Claude Lanzmann 1925-2018
by Filip Mazurczak
French filmmaker Claude Lanzmann, whose works primarily dealt with the Holocaust, has died at ninety-two. I don’t plan on evaluating the artistic merits of his work, but I would like to write a little bit about his corrosive effect on Polish-Jewish relations.
It is no secret that Lanzmann had a very negative opinion of Poland and the Poles, which is evident in his films and statements. Lanzmann’s most famous film is the 1985 documentary "Shoah," which clocks in at over nine hours running time. I haven’t seen the film, so I can’t have an opinion about it. I didn’t see it not because I might disagree with parts of it; rather, I simply have too busy a life to devote nine hours of my life to watching a film. Marek Edelman, the late hero of the Warsaw Ghetto Uprising (and of the Warsaw Uprising and Solidarity) criticized Lanzmann as being self-indulgent in making such a lengthy film.
I have seen outtakes and fragments of it. The film was quite controversial in Poland in the 1980s. However, it was controversial because it showed numerous interviews with simple Polish peasants who made primitive anti-Semitic remarks. I don’t think that this was controversial only because many Poles were shocked by the fact that their countrymen harbored such hatred, but also because it showed a very one-sided picture.
Lanzmann’s film is long, but it features only a tiny fragment of the hundreds of hours of interviews he did across Poland. For the film, he interviewed Jan Karski, the famous courier of the Polish underground who informed Churchill himself and the British about the genocide of European Jewry. Lanzmann had told Karski that the film would include the stories of Poles who risked their lives to save Jews. Although Karski thought "Shoah" was a moving tribute to the victims of the Holocaust, he was disappointed that there was no talk of Polish saviors of Jews; every single Pole except him who is featured in the film is a primitive anti-Semite.
In an early report to the Polish government-in-exile in London, Karski famously wrote that anti-Semitism was the only “narrow bridge” where the German occupier and “a large part” of Polish society “found agreement.” In other words, Karski wasn’t someone who denied that Polish anti-Semitism was a widespread phenomenon, but even for him Lanzmann was not objective and unfair to the Poles. This lack of balance was also criticized by Władysław Szpilman, the real-life hero of Roman Polański’s film "The Pianist." Unlike Shoah, "The Pianist" shows Polish-Jewish relations in a balanced way and shows the sufferings of not only Jews, but of Polish Gentiles in German-occupied Warsaw. Szpilman gave an interview for the French press (I think it was for Le Monde, but don’t quote me on this) in which he blasted "Shoah" for showing a very one-sided picture of Polish-Jewish relations. Szpilman criticized Lanzmann for not showing Polish rescuers of Jews, while in the interview he himself emphasized that he owed his life to the concerted efforts of many non-Jewish Varsovians.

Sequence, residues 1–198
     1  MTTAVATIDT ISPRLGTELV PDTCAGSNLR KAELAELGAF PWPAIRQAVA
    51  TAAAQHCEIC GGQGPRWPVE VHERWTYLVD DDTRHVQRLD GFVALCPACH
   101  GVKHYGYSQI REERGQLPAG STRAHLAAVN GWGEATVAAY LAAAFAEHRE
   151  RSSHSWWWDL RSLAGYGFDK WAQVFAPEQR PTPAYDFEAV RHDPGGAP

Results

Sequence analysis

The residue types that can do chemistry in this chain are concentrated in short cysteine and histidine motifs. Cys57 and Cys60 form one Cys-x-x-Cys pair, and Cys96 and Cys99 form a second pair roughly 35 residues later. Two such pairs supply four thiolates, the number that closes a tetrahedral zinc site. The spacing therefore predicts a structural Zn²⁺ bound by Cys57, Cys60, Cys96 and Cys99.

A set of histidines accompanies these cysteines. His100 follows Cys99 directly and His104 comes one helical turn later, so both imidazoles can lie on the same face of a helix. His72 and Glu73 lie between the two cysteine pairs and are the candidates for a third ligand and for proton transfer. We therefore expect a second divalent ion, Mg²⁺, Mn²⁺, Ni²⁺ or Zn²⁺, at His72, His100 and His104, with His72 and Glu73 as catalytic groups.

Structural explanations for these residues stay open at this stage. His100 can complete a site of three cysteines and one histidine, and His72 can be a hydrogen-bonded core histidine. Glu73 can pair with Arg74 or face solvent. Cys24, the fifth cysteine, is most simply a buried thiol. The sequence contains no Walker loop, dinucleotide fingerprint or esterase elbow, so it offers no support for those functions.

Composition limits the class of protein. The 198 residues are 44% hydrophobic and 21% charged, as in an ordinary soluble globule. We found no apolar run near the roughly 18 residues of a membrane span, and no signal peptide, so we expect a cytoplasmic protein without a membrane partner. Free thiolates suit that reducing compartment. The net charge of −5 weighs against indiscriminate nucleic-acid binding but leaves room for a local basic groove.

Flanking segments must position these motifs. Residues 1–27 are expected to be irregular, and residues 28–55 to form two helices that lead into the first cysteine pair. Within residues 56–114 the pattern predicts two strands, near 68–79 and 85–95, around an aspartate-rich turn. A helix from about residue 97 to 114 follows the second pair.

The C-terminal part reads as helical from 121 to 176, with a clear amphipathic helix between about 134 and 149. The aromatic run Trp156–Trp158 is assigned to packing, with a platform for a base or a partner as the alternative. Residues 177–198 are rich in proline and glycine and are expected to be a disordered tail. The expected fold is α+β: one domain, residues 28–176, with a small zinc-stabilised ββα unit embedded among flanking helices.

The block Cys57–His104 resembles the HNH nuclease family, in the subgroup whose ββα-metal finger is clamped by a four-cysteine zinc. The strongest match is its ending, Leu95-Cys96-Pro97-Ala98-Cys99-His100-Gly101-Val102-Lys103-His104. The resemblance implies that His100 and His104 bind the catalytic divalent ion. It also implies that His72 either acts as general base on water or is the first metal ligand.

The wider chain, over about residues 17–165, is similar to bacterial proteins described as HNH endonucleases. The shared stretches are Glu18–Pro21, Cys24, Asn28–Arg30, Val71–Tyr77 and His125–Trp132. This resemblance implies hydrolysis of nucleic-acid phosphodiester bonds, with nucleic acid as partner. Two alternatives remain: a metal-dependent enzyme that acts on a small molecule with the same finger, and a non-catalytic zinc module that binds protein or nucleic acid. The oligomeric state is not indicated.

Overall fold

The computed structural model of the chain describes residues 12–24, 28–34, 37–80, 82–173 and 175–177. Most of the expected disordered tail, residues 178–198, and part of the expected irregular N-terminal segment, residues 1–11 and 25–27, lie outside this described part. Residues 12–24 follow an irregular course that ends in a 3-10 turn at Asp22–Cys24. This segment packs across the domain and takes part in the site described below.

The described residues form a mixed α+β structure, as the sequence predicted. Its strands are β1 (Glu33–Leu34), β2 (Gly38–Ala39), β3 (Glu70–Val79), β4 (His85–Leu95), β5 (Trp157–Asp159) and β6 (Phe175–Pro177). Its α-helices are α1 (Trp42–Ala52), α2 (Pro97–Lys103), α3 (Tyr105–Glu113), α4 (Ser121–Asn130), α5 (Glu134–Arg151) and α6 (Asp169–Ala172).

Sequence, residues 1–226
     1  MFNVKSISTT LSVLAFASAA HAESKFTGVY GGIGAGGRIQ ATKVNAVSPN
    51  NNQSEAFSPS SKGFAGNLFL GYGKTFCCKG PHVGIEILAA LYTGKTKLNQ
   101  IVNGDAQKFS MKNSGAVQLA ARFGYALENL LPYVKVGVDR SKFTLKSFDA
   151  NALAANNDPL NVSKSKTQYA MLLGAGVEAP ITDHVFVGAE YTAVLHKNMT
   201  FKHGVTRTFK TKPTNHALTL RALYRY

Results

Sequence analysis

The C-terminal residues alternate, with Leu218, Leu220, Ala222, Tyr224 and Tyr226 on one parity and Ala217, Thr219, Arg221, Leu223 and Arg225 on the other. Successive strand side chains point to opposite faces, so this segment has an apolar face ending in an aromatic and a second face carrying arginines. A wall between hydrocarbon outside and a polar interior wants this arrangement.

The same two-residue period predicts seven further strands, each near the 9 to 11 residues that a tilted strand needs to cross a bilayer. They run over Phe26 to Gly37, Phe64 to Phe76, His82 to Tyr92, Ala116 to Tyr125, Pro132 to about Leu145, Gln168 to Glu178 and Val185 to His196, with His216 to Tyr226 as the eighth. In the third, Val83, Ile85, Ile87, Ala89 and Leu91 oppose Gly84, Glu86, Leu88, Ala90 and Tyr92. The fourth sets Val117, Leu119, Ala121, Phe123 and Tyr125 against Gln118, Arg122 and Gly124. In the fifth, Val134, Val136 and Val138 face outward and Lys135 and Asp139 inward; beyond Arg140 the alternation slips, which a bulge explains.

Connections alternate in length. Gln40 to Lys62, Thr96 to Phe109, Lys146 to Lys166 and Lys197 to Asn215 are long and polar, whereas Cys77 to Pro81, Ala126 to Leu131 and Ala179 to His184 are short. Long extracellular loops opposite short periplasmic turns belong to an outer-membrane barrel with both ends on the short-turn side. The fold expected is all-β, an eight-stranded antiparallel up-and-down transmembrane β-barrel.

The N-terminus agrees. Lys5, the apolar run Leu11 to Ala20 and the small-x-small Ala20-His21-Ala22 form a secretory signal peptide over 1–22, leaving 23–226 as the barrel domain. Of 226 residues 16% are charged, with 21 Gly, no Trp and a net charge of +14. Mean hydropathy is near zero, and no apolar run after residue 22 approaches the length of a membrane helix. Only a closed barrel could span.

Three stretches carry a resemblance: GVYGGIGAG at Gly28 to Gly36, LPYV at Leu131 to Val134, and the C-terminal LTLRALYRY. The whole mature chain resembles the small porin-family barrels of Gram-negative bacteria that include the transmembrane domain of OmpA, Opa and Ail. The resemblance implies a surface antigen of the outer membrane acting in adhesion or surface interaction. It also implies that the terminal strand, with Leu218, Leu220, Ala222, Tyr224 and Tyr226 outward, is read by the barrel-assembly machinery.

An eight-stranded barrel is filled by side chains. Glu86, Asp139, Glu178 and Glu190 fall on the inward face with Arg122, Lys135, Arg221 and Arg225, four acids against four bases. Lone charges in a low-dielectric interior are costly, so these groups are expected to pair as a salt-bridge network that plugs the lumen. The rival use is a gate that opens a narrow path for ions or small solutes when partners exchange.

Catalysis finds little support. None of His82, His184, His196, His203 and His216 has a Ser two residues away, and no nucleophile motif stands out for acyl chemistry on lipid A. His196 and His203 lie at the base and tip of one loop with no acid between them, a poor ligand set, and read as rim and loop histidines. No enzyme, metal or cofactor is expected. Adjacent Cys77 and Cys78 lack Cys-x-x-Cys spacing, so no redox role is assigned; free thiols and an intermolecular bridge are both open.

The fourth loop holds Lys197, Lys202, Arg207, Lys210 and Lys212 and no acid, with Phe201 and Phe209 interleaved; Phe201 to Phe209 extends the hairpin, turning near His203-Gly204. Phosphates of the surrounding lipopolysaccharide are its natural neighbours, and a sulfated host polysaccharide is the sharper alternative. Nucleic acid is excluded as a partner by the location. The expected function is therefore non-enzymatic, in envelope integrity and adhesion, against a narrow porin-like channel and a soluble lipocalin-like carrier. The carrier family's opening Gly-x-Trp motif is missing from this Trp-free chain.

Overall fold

In 2015, I attended a screening in Krakow of Lanzmann’s interview with Tadeusz Pankiewicz that did not make the film’s final cut. Pankiewicz was a pharmacist who operated the Under the Eagle Pharmacy (“Apteka pod Orłem,” which now is a fine museum) in the Krakow Ghetto. Along with his small staff, Pankiewicz was the only non-Jewish Pole who was allowed to enter the Krakow Ghetto. He saved many Jews by giving them life-saving medicines; his pharmacy was a liaison point from which Jews were smuggled out of the ghetto; and during German roundups of Jews to be deported to camps, Pankiewicz gave tranquilizing medicines to Jewish families so that their children wouldn’t cry, which would inevitably give them away. (I recommend Pankiewicz’s moving memoir, which has been translated into English.)
Pankiewicz is featured in Thomas Kenneally’s novel "Schindler’s Ark," although not in Steven Spielberg’s film adaptation, even though a scene featuring the pharmacy was included in the script. Oskar Schindler was a German who initially employed Jews to have cheap labor. Only later did Schindler have a change of heart. Schindler never risked his life, unlike the thousands of Poles in Krakow who sheltered Jews. I find it unfortunate that Schindler is much better known than Pankiewicz. And the interview with Pankiewicz was not included in the final cut of "Shoah." This can only be seen as deliberate.
Returning to Karski, part of "Shoah" shows an interview with the famous courier. Back then, he was only known as a professor at Georgetown University; very few people knew about his heroism during the war. In fact, humility is a common trait of great souls, and Karski didn’t brag about what he did. On the contrary, he often suffered from depression, feeling irrational guilt for not succeeding in saving the European Jews from annihilation. Lanzmann’s documentary featuring the interview (I did see this fragment) only shows Karski about what he witnessed when he was smuggled into the Warsaw Ghetto, disguised as an Estonian guard. There is ABSOLUTELY NO INCLUSION of Karski’s tragic meeting with Roosevelt and the British and their absolute indifference to the tragic fate of European Jews.